Freeholders are often reluctant to allow tenants to follow the right to manage process brought in under the Commonhold and Leasehold Reform Act 2002. This has resulted in many technical challenges to tenants attempts to invoke the right to manage procedure. The latest in these line of cases concerned Regent Court in Plymouth, which I think was also a retirement development.
The Right to Manage legislation was supposed to create a simple means of leaseholders exercising a right to take control of the management of their block. The process prescribed is broadly as follows:
1. Invitation notice sent to all qualifying leaseholders;
2. Notice of claim served on landlord by participating leaseholders;
3. Landlord’s counter-notice admitting or denying the claim;
4. Acquisition of management responsibilities by the Right to Manage Company or proceedings over the validity of the RTM claim.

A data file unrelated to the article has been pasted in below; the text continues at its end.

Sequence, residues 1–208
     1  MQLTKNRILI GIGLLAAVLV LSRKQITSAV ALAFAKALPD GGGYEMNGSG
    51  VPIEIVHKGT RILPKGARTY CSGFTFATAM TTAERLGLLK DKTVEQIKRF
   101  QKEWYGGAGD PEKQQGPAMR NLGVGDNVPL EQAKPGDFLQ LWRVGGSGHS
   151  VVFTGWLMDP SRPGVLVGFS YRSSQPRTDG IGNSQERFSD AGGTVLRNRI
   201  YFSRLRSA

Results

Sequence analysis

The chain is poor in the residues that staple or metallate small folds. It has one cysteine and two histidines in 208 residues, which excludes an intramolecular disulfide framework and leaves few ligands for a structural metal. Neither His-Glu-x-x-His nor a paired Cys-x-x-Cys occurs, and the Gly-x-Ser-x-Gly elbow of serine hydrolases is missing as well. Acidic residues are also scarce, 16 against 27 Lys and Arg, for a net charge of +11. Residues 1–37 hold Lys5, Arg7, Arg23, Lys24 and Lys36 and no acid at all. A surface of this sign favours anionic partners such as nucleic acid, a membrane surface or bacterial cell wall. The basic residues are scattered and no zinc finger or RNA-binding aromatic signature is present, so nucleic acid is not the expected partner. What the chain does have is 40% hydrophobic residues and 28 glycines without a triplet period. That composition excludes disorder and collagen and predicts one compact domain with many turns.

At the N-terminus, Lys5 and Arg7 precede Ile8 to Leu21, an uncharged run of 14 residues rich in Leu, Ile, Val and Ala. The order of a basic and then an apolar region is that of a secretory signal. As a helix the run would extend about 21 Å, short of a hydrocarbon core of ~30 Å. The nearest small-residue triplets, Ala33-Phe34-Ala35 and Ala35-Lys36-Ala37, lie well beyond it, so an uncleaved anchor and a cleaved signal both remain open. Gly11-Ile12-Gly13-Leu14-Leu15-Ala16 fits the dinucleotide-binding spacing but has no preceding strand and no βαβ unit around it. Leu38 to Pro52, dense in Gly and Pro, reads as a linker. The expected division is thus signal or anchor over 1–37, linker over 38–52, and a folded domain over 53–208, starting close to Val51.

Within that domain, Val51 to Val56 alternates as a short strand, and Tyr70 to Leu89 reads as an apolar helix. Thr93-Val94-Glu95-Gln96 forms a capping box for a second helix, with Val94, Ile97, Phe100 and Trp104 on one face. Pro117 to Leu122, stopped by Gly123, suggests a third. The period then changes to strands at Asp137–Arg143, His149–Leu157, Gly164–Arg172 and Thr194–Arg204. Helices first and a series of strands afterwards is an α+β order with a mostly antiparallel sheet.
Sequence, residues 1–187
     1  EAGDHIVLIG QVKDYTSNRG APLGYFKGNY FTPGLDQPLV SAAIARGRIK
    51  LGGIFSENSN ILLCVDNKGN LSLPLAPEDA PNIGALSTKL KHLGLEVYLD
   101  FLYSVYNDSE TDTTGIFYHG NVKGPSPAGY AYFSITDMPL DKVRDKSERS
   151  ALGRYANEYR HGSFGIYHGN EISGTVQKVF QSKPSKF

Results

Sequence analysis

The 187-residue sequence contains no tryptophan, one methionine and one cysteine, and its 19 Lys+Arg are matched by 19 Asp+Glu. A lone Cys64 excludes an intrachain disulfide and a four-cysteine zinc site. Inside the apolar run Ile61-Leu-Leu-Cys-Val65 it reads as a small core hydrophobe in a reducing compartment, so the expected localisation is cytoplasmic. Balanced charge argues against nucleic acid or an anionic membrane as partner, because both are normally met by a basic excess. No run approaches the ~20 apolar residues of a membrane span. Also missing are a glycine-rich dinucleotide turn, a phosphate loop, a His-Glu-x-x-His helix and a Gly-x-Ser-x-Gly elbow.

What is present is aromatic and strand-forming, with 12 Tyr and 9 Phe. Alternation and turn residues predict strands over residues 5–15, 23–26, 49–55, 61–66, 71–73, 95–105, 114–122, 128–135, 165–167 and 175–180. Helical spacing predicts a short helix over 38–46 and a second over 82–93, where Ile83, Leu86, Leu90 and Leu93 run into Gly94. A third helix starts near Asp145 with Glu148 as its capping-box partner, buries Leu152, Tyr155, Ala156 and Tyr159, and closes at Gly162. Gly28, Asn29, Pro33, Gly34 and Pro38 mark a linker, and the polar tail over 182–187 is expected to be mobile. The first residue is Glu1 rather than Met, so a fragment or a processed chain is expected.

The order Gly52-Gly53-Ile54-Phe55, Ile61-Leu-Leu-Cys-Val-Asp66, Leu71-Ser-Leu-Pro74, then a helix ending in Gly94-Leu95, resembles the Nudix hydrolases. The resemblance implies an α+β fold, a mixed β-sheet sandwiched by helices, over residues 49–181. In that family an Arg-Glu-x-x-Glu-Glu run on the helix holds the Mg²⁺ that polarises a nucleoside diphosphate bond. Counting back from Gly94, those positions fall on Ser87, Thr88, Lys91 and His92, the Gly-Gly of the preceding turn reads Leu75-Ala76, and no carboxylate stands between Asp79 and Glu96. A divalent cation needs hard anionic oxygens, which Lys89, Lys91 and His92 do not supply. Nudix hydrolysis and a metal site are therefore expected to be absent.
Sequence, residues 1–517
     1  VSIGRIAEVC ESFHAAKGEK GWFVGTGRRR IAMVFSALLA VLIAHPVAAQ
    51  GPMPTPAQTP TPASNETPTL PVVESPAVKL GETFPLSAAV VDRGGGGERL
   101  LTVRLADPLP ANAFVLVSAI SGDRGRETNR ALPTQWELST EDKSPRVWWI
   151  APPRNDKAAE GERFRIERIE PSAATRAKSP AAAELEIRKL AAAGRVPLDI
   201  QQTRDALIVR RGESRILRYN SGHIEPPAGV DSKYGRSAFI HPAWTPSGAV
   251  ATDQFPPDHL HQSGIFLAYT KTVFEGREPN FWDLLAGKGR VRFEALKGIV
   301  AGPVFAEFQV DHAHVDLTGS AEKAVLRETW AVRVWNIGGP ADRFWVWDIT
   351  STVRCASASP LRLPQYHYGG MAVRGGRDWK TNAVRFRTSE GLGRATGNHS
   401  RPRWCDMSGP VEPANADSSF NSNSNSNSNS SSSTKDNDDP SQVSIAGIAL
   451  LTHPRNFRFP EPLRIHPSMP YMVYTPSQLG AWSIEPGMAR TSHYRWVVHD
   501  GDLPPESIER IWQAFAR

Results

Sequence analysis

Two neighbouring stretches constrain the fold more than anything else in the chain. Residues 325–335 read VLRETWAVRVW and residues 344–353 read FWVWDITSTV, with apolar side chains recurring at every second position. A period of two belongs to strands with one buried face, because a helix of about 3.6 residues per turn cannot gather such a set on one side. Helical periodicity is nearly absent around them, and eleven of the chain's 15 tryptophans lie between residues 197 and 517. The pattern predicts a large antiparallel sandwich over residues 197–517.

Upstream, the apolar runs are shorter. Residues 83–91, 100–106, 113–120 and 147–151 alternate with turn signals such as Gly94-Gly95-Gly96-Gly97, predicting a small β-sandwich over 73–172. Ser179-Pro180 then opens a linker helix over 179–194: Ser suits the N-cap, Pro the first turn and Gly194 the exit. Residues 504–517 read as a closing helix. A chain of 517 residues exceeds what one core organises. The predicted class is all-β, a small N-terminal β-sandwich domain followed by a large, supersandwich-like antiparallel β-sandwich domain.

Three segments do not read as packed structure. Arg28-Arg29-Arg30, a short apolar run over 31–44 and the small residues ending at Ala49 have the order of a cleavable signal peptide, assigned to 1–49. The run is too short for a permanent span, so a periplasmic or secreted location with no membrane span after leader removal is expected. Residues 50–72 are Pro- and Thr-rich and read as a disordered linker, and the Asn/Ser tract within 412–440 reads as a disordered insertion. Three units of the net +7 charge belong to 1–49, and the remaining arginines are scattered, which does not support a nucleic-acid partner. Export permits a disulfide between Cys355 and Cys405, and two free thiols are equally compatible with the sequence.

In this case, the tenants got everything right up to service of their initial notice which didn’t allow for the correct time periods. This was recognised and a second notice was served remedying this error but without re-inviting all of the qualifying tenants to participate. The landlord then challenged the second notice on that basis.
The Upper Tribunal appreciated the landlords argument but found that the invitation stage was not fatal to he right to the right to manage process as no serious prejudice resulted from it. The upshot of this case could be a substantial compliance threshold is enough for an RTM claim to succeed even where there is a procedural defect.